Finding out what works
A Prostate Cancer UK funded project was developed to facilitate collaborative working within the Birmingham area addressing identified gaps in services, which include comprehensive support and care pathways for diagnosed prostate cancer patients in the community.
The initiative was developed with key members of the Black and African Caribbean community through the Benjamin’s Brothers project at John Taylor Hospice, a concept set up with the local community, including religious and community leaders, carers and prostate cancer survivors.
Clinical support is being set up from consultant oncologists from University Hospitals Birmingham, as well as a variety of professionals across Birmingham Cross City Clinical Commissioning Group (CCG).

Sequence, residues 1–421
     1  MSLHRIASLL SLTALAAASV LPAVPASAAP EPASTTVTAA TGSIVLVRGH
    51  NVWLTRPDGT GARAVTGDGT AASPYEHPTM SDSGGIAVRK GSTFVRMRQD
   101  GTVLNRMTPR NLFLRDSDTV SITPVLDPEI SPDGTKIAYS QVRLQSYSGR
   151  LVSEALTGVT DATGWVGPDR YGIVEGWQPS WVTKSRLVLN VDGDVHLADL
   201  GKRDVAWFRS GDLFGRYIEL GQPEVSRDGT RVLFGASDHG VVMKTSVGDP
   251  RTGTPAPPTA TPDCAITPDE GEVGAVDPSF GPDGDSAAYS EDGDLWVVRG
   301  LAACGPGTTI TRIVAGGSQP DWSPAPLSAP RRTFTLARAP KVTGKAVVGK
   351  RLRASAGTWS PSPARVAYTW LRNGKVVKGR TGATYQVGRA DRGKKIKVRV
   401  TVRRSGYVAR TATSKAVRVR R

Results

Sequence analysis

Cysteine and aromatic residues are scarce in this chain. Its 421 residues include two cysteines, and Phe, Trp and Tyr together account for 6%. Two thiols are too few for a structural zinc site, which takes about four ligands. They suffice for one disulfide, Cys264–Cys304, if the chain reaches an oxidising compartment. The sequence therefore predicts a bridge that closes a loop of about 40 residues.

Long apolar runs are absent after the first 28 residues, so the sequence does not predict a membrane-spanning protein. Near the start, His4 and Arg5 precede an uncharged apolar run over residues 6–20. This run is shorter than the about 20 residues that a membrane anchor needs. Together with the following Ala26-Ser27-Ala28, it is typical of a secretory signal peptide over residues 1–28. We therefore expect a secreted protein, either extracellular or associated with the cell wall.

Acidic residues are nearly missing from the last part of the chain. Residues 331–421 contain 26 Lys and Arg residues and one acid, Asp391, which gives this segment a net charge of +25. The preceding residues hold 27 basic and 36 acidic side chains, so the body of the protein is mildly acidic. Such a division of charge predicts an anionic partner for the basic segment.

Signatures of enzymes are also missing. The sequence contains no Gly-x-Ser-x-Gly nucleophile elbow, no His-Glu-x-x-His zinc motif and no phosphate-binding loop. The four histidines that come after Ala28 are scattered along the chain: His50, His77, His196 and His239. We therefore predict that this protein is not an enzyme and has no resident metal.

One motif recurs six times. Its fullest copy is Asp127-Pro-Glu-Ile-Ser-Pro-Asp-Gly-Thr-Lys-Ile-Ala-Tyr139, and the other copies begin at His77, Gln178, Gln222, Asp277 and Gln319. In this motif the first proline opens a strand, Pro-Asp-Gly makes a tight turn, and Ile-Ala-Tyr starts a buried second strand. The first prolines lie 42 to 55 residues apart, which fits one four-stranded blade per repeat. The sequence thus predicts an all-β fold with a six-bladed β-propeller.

One of the initiatives of this service provides men and their families with a point of contact within this setting, offering advice and support via community clinics, telephone follow-up or home visits.
There is a high black & minority ethnic (BME) population in this area. As statistics show that black men have a higher risk of getting prostate cancer than men of other ethnicities (Prostate Cancer UK, 2013), it’s really important that this demographic know about this project and are able to access support and advice.
The role can signpost them to the appropriate services and act as a liaison between the multidisciplinary team across secondary, tertiary and primary care settings with an aim of early re-referral and treatment where required.